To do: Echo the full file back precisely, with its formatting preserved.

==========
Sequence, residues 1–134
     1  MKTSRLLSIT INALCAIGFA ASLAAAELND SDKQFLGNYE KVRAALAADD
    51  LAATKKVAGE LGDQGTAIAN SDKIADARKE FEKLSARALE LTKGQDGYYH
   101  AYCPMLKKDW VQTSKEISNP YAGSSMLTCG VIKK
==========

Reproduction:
Sequence, residues 1–134
     1  MKTSRLLSIT INALCAIGFA ASLAAAELND SDKQFLGNYE KVRAALAADD
    51  LAATKKVAGE LGDQGTAIAN SDKIADARKE FEKLSARALE LTKGQDGYYH
   101  AYCPMLKKDW VQTSKEISNP YAGSSMLTCG VIKK